Ever since we were kids, we’ve been going to the dentist regularly to prevent any holes from developing in our teeth. If there’s one thing we all agree on, it’s that toothache is one of the worst forms of pain out there. So why don’t we do the same thing when it comes to pensions? If you start saving for a pension right now, you won’t have to worry about having a nasty hole in your budget – also known as the «pension gap» – after you retire.

All good things come in threes – or your 3a

You can try and spin it as positively as you like, but the first two pillars of the Swiss pension system simply don’t give you enough money to ensure a comfortable retirement. The old-age and survivors’ insurance (OASI) pension (pillar 1) for individuals is capped at 29’400 CHF per year (from 2023), corresponding to a monthly pension of 2’450 CHF. If you’ve dutifully paid your OASI contributions every year for the last 44 years (43 years for women) and have an average income of 88’200 CHF, you’ll be eligible to claim a pension of this amount.
The Swiss Federal Constitution states (in Article 112(2)(b)) that this pension «must be sufficient to cover basic living expenses adequately». Of course, anyone who lives and works in Switzerland knows that this isn’t possible – and hasn’t been for a long time.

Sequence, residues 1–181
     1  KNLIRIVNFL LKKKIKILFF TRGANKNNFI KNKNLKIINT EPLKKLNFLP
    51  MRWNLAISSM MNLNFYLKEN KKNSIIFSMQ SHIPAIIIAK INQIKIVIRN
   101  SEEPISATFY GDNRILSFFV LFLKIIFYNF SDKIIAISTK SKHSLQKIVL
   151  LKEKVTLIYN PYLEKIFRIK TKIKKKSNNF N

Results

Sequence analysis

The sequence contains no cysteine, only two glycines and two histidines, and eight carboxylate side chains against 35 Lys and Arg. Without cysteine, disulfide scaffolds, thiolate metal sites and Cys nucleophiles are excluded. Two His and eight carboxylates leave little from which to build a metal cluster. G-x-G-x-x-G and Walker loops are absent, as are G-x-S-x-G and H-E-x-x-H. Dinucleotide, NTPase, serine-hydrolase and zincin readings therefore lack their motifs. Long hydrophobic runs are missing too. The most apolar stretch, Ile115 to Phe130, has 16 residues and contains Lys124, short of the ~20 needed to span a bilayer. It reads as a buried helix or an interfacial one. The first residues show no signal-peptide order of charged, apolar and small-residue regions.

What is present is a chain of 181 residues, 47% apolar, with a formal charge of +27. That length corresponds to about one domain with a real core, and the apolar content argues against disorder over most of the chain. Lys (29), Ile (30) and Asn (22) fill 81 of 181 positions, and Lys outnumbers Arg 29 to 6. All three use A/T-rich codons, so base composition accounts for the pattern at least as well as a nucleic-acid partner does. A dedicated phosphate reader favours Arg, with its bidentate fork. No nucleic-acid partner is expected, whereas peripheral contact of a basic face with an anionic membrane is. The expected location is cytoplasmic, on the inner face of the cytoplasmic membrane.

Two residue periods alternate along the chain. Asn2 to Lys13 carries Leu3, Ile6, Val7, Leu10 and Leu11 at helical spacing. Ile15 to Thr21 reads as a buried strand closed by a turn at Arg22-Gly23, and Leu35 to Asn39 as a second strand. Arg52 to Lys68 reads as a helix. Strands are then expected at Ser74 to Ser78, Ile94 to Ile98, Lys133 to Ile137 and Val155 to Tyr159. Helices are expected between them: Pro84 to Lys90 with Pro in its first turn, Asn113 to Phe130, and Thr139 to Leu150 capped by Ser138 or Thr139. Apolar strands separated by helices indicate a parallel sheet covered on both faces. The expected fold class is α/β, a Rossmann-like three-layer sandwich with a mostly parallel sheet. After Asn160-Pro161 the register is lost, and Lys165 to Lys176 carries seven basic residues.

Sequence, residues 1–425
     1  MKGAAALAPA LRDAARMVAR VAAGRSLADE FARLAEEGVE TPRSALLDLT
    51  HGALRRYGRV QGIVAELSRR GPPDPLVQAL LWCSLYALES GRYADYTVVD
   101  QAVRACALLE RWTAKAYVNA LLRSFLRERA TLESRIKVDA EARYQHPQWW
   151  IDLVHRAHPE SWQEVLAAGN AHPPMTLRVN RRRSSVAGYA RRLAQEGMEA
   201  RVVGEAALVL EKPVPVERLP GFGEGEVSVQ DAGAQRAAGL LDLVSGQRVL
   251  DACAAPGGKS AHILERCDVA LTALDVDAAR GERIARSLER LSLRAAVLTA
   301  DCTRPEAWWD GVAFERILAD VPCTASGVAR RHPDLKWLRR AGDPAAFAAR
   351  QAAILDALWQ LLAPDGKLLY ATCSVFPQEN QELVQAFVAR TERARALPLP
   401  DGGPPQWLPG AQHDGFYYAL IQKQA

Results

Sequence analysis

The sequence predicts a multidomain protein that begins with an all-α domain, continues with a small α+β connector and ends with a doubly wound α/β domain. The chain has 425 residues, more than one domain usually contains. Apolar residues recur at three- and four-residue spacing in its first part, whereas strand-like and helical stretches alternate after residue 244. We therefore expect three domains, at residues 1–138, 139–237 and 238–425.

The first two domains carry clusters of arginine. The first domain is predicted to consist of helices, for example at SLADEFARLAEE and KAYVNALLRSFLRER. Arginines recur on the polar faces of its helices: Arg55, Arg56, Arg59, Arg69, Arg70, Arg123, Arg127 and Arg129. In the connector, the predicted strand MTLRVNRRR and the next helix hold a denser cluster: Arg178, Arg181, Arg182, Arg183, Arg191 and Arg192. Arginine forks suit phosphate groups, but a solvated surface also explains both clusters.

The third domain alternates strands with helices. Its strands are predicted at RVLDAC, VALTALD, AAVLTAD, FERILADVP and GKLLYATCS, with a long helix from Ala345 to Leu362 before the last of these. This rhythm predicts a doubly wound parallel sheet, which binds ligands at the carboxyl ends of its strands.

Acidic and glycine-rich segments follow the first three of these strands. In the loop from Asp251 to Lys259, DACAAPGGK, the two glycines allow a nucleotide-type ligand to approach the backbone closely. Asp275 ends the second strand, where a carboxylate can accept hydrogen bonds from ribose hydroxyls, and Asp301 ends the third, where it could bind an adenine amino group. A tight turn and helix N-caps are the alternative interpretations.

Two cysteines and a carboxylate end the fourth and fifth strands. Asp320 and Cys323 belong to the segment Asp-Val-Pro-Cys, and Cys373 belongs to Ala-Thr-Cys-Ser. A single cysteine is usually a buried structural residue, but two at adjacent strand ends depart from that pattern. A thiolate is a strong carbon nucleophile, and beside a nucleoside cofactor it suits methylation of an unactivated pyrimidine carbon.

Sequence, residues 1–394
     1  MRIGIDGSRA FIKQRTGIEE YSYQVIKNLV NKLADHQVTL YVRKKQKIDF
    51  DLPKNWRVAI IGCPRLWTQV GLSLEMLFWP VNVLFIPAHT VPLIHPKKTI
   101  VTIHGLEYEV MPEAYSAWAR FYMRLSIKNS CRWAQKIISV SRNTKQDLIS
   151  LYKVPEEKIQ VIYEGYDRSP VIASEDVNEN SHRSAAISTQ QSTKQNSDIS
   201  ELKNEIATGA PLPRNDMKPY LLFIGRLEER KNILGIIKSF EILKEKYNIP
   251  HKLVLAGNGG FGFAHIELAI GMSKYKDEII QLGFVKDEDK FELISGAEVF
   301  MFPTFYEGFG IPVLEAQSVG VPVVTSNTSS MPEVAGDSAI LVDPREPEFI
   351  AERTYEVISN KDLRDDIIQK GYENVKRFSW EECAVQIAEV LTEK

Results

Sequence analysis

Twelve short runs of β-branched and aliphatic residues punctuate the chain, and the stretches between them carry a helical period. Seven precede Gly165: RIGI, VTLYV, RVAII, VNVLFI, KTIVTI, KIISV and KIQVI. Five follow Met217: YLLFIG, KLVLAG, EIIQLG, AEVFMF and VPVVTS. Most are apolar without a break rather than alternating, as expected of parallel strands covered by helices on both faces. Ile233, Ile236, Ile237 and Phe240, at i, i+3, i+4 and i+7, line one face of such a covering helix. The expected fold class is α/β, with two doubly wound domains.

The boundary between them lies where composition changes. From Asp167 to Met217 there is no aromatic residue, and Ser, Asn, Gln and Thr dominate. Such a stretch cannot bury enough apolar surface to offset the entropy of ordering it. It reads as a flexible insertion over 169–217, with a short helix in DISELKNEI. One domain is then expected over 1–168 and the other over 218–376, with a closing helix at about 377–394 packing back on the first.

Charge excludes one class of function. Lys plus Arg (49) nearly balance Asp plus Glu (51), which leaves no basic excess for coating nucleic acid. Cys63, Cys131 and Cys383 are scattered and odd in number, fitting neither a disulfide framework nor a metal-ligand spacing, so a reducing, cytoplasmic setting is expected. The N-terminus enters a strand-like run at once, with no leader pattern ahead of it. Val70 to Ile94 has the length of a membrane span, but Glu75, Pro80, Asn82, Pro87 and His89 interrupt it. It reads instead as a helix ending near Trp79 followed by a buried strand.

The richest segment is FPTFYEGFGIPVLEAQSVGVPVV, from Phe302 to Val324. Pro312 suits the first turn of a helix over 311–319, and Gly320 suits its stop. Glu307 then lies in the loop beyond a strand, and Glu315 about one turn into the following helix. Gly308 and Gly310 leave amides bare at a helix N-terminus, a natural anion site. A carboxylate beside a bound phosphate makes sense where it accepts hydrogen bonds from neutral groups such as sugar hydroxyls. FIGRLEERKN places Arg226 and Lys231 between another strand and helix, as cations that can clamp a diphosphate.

As a result, the second pillar was created in the 1970s. When combined with pillar one, a pillar two pension from a pension fund is intended to ensure each person’s existing standard of living. The idea isn’t bad, but its practical implementation in the modern age falls short of its goals. Nowadays, even every child knows that the combined benefits under the first two pillars haven’t cut the mustard for ages. The graph below clearly illustrates the problem:
Assuming that you earn 80’000 CHF per year, pillar one and pillar two will only cover around 65% of your monthly income after retirement. If you earn 100’000 CHF or more, the figure falls below 50%.

The budgetary monster

«A penny saved is (more than) a penny earned» Since we took our first baby steps, grandma has been feeding us her savings philosophy along with our breakfast cereal. And she’s actually right, as the pension gap in old age is a real monster – but this one actually exists and is worth being afraid of. You can, should and must fight it, if necessary with an individual pension plan, e.g. under pillar three.
In addition, pillar 3a is also a practical and flexible tool. You can put your savings into a bank account yourself, although that doesn’t make a lot of sense in today’s low interest rate environment. You can literally see your money melting away over the year like ice cream on a sunny day.
It’s totally different if you invest in equities: if you have a long-term investment horizon, you should consider investing your pillar 3a cash in securities, and benefit from stock market returns as well as the effect of compound interest.
You can use our Yuh pillar 3a ready reckoner to test the five individual investment strategies (from mild to fiery) and simulate various scenarios for your retirement.